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Please Don’t Feed the Endangered Eagles?

The views expressed are those of the author and are not necessarily those of Scientific American.


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It’s a fairly common practice to help certain endangered species in the wild by providing them with extra food or prey. But could these activities actually end up harming the very species conservationists are trying to help?

Researchers from Spain’s National Museum of Natural Sciences, the Doñana Biological Station and GIR Diagnostics asked that question in a recent study of the Spanish imperial eagle, also known as the Iberian imperial eagle or Adalbert’s eagle (Aquila adalberti). One of the world’s rarest raptors, conservationists frequently supplement the bird’s natural prey with farm-raised rabbits. According to a study published in this month’s issue of Ecological Applications, such rabbits are often treated with antibiotics and antiparasitics, and young eagles who eat this meat face depressed immune systems and higher levels of pathogens in their systems.

The researchers took blood samples from 191 young eaglets in three different groups. The first group did not receive any supplemental food; the second received wild and/or domestic rabbits that were first tested and found to be chemical-free; and the third was fed rabbits that came from farms and could have contained the dangerous chemicals.

The results were striking. The presence of antibiotics in their food actually made the eaglets more susceptible to illness: Seven different avian pathogens were found in the third group of eaglets, and the vast majority of these birds required extra medical care. According to the study’s abstract, “a higher presence of antibiotics (fluoroquinolones) was found in sick as opposed to healthy individuals among eaglets with supplementary feeding, which points directly toward a causal effect of these drugs in disease and other health impairments.”

The authors call this “a telling example of well-meaning management strategies not based on sound scientific evidence becoming a ‘contraindicated’ action with detrimental repercussions undermining possible beneficial effects by increasing the impact of stochastic [random] factors on extinction risk of endangered wildlife.”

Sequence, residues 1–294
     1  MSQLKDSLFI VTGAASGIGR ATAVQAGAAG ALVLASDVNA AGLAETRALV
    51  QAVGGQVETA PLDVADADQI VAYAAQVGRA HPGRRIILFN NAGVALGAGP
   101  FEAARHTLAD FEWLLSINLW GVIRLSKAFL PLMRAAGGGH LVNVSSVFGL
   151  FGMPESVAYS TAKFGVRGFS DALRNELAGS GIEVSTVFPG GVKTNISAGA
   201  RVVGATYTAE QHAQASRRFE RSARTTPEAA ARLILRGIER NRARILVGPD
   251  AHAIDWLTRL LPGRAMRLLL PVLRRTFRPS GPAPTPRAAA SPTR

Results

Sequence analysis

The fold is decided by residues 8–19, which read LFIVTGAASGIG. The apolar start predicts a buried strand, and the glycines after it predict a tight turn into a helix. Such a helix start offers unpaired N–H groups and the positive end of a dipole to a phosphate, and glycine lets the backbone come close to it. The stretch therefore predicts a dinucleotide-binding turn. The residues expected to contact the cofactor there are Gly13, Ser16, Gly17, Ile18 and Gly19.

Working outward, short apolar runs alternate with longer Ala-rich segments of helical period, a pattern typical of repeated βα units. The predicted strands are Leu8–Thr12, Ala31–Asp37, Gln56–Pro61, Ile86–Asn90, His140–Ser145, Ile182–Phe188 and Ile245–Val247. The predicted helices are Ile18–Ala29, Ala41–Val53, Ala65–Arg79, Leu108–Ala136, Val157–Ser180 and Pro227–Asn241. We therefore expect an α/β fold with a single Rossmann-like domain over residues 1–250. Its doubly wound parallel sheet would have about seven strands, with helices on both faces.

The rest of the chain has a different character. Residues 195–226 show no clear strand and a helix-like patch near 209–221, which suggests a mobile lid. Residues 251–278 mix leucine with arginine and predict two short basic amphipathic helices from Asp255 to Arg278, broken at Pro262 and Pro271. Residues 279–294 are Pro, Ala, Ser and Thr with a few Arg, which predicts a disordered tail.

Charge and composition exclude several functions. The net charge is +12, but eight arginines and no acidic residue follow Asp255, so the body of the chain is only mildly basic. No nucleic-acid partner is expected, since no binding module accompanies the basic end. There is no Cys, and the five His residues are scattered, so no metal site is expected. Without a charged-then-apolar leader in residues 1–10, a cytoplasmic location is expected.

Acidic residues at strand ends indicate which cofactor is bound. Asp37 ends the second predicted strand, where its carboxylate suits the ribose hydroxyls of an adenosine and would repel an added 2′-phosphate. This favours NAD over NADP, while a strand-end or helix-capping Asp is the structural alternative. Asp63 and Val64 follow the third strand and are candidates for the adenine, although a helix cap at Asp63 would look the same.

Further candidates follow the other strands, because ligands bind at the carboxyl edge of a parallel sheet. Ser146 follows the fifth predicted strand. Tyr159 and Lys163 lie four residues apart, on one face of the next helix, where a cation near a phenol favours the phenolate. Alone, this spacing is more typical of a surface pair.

Luckily, these sick birds all received extra care and treatment to protect them from these pathogens. That’s because the Spanish imperial eagle is one of the most heavily managed endangered birds in the world—so intensely managed, in fact, that the International Union for Conservation of Nature and Natural Resources upgraded the species from “endangered” to “vulnerable” in 2005, in spite of their still-limited population. But other endangered species in the wild might not be so lucky if they encountered similarly tainted food.

The Spanish imperial eagle almost disappeared a few decades ago due to habitat loss, accidental poisonings and electrocution on power lines. Only 30 pairs of birds remained on Earth in the 1960s. Conservation efforts helped raise that number to 253 pairs in 2008 and then to 283 pairs in May of this year, when the first eagle chick born through artificial insemination was hatched at the Center for the Study of Iberian Raptors in Sevilleja de la Jara, Spain.

Even with conservation efforts, illegal wildlife trafficking continues to be a threat to this species. In June 16 people—including the staff director of the San Jerónimo breeding center in Seville, Spain—were arrested for illegally gathering eagle eggs from the wild and selling the chicks for as much as $24,800. According to the English-language Spanish news site The Olive Press, police rescued 101 eagles from the center, where they also found 11 dead birds. The center staff has also been accused of inflating their reported breeding counts in order to boost their grant revenue.

(Correction July 11, 2012: An earlier version of this article incorrectly cited the birthplace of the artificially inseminated eagle chick as the Smithsonian National Zoo. We regret the error.)

Further reading: Pandemic Flu Factories

Photo by Antonio Lucio Carrasco Gómez via Wikipedia. Used under GNU Free Documentation License

John R. Platt About the Author: Twice a week, John Platt shines a light on endangered species from all over the globe, exploring not just why they are dying out but also what's being done to rescue them from oblivion. Follow on Twitter @johnrplatt.

The views expressed are those of the author and are not necessarily those of Scientific American.





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